Background: Optimization of the clinical use of multi-targeting tyrosine kinase inhibitors (TKIs), as sunitinib, is needed to fully exploit their potential antitumor activity. Sunitinib was developed to inhibit angiogenesis-related kinases, but at conventional daily dosing it also directly inhibits tumor cell growth. The inhibitory activity of sunitinib is dependent on its discriminative affinity for specific kinases, its intracellular concentrations reached at the tumor level and the presence and activity of kinases in tumor cells. Administration of sunitinib in a higher dose, similar to convential chemotherapy, might further utilize this direct antitumor effect and the strong broad kinase inhibitory potency of sunitinib. In a recent phase I trial of high dose intermittent sunitinib the maximum tolerated dose of 700 mg once every two weeks (Q2W) resulted in high peak plasma concentrations (Cmax) of >500 µg/l, without drug accumulation. 63% of 69 heavily pretreated patients with advanced cancer had clinical benefit, with similar toxicity compared to standard daily dosing. Pharmacokinetic (PK) evaluation showed significant interpatient variability of this alternative regimen. In the current study, we evaluated the effect of food on the interpatient variation in bioavailability and studied whether food would further increase Cmax. Methods: 700 mg sunitinib Q2W was administered to patients with refractory solid tumors. Patients were randomized to either start sunitinib after a 10-hour fasted regimen or within 30 minutes after a high fat meal followed by the alternative at the second cycle. PK and safety assessments were obtained. Treatment continued until progression or unacceptable toxicity. Drug plasma concentrations were measured by LC-MS/MS. Geometric mean ratios (GMR) and 90% confidence intervals (CI) of the sum concentration of sunitinib and SU12662 were estimated. Results:Twelve patients were included. Both intake regimens were not bioequivalent. The GMR (fed/fasted) of the AUC0-µ and Cmax were 1.33 (90% CI 1.03-1.70) and 1.30 (90% CI 1.02-1.65), respectively. Compared with the fasted state, a high-fat meal delayed time to maximum plasma concentration by 1.6 hours. The observed non bioequivalence and increase in drug exposure appeared to be mainly caused by 2 patients who suffered from early vomiting (~3hrs) after drug ingestion in the fasted state. After excluding them from the analysis, the GMR of the AUC0-µ and Cmax change to 1.09 (90% CI 0.98-1.22) and 1.09 (90% CI 0.96-1.23), respectively, indicating that both regimens were bioequivalent. The interpatient variability for AUC0-µ was reduced by the intake of food; 32.5% (fasted) to 29% (fed), while for Cmax the interpatient variability was similar 34.4% and 33.3%. Adverse events were similar to our prior phase I study with mainly grade I-II toxicities including fatigue (58%), nausea (50%) and anorexia (42%). Conclusions: Our study demonstrates that high dose sunitinib can be taken with or without food. For the patients without GI toxicity early after intake, the exposure to sunitinib was bioequivalent. Interpatient variability appeared to be modestly reduced by taken sunitinib with food. The results support the recommendation for administration of high dose sunitinib in a fed state to achieve more consistent therapeutic exposure and increased tolerance. Results from ongoing phase II trials with high dose intermittent sunitinib for patients with colorectal cancer and glioblastoma are eagerly awaited.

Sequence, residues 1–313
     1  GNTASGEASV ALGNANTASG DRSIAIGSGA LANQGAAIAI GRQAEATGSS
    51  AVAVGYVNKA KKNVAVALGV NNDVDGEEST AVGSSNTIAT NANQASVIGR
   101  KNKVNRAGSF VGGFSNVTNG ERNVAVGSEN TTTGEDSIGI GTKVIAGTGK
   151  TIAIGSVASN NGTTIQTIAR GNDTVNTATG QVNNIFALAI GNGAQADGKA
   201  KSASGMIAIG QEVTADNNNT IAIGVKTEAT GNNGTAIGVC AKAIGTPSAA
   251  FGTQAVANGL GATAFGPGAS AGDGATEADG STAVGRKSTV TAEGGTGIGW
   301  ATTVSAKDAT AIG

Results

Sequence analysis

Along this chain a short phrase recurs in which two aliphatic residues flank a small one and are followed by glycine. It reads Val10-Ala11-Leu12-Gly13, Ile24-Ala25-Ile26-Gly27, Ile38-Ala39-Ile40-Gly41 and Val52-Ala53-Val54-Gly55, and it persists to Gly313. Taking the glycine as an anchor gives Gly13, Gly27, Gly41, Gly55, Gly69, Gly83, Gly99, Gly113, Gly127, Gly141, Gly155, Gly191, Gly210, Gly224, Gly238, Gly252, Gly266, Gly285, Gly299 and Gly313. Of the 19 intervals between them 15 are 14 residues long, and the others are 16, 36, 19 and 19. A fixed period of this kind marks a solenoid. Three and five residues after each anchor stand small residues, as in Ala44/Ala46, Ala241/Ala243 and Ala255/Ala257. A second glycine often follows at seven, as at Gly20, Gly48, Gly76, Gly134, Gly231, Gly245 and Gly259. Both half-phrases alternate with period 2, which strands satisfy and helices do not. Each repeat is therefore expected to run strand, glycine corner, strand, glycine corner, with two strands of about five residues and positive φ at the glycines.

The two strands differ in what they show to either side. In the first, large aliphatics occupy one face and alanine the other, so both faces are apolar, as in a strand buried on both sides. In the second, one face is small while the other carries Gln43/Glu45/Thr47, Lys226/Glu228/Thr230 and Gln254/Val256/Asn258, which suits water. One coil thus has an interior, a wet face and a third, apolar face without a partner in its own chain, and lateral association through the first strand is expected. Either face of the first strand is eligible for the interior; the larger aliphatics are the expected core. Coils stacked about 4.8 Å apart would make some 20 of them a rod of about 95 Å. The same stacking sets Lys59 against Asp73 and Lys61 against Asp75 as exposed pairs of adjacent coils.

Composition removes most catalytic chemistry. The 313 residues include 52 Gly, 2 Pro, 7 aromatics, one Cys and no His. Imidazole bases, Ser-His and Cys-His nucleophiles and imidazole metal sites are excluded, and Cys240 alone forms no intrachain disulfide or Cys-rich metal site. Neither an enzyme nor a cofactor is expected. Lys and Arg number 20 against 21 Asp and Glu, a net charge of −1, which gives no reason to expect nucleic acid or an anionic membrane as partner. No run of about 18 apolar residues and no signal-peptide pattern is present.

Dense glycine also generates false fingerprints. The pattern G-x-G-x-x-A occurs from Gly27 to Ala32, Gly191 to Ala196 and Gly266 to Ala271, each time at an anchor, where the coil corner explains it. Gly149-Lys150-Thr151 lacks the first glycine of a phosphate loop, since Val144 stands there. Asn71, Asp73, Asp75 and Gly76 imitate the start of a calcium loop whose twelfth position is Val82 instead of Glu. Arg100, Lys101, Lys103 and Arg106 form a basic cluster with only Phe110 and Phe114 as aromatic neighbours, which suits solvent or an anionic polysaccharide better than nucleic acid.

Citation Format: Sophie L. Gerritse, Mariette Labots, Maria Rovithi, Angela Colbers, Olaf J.L. Loosveld, Mikkjal Skardhamar, Nielka P. van Erp, Henk M.W. Verheul. Effect of food on the pharmacokinetics of high dose intermittent sunitinib in patients with advanced solid tumors [abstract]. In: Proceedings of the AACR-NCI-EORTC International Conference on Molecular Targets and Cancer Therapeutics; 2019 Oct 26-30; Boston, MA. Philadelphia (PA): AACR; Mol Cancer Ther 2019;18(12 Suppl):Abstract nr C079. doi:10.1158/1535-7163.TARG-19-C079